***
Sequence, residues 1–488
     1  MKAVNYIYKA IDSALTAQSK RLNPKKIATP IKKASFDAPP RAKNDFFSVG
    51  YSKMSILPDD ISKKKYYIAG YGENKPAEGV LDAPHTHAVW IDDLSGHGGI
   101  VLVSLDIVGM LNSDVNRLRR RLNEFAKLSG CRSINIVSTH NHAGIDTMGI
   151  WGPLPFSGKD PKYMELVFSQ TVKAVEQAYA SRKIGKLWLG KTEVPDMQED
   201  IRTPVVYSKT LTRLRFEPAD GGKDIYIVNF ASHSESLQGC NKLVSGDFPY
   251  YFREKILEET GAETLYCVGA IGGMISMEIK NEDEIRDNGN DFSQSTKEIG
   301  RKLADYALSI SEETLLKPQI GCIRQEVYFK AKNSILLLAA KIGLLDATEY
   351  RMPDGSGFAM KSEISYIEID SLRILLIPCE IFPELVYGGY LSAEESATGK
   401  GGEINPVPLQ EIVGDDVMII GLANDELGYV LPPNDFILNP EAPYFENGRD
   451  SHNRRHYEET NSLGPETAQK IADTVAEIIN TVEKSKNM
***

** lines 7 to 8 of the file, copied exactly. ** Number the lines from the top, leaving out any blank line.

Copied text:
   251  YFREKILEET GAETLYCVGA IGGMISMEIK NEDEIRDNGN DFSQSTKEIG
   301  RKLADYALSI SEETLLKPQI GCIRQEVYFK AKNSILLLAA KIGLLDATEY